Health Information

The school nurse, Annette Fechenbach, is at Ben Franklin part time. She is also the building nurse at other schools in LWSD.

Too Sick for School? - Illness Guidelines

Here is useful Information regarding student health:New Immunization Exemption Law

Please read this document For parents of children with serious life-threatening health conditions If your child has a life-threatening health condition, the following requirements must be met before your child can attend school. You must supply the required emergency medication, health care provider orders, an individual health plan, and any necessary supplies on or before the first day of school. Until these requirements are met, your child will not be able to attend school. If you have any questions, please call Health Services support personnel at our Special Services Office (425)936-1201.

These are the most frequently used Health Forms:
More information is available on the LWSD site, under Student Health.

Other Health Informationion


What is Mumps?

Mumps is a disease caused by a virus. It typically starts with a few days of fever, headache, muscle aches, tiredness, and a loss of appetite. Then a person with mumps may develop swollen cheeks or jaw. Most people with mumps get well in a few weeks. Some people who get mumps may have a mild illness or may not even know that they have the disease. However, mumps can occasionally cause serious health problems, especially in adults. These health problems can include swelling of the brain or deafness.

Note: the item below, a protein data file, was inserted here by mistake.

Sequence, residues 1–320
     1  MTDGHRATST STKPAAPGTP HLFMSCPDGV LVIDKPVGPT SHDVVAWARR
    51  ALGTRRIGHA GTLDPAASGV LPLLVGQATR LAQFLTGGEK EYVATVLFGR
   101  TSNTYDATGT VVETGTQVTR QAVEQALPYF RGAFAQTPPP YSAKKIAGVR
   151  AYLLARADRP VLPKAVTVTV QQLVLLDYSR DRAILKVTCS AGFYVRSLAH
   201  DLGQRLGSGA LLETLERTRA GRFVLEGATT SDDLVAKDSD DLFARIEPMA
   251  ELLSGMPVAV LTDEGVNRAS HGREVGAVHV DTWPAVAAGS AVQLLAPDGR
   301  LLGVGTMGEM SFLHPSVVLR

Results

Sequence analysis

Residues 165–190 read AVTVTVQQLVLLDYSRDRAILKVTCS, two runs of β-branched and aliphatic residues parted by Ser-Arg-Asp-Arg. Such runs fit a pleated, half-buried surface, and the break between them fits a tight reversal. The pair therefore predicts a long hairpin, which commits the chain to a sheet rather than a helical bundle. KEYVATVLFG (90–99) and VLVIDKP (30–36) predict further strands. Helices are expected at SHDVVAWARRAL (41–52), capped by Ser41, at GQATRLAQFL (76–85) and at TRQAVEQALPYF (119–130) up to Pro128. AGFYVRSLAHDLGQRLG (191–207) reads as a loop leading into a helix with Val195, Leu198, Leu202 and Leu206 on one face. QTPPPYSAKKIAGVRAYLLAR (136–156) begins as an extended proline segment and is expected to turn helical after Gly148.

How is Mumps spread?

  • You can spread mumps by coughing, sneezing, or spraying saliva while talking. It can also be spread by:
  • sharing cups, spoons, forks, baby bottles, and other utensils
  • touching objects or surfaces that may have been touched by someone with mumps
  • Mumps can spread widely if someone who has mumps goes to a place where many people are gathered.

Who is more likely to get Mumps?

  • Babies less than 1 year old
  • Children over 1 year of age who have not received at least 1 dose of mumps vaccine
  • Adults born in 1957 or later who have not been vaccinated or have not had mumps before.

How can you prevent Mumps?

  • Get mumps vaccine (included in the MMR vaccine).
  • Stay away from anyone who has mumps.
  • Wash your hands often with soap and water.
  • Don’t share cups, spoons, forks, baby bottles, and other utensils.

What to do if you think you have Mumps

  • Call your doctor if you or your child has the signs of mumps: fever, headache, muscle aches, tiredness, loss of appetite, and swollen cheeks or jaw.
  • Stay home and away from other people. This includes staying away from family as much as possible so they don’t get sick.

Learn more:
About mumps:
For updates on the mumps outbreak in King County, follow the Public Health Insider blog (
Read about Mumps Outbreaks: Why We Care About Mumps and Is the Vaccine Working? By Dr. Jeff Duchin, Health Officer for Public Health – Seattle & King County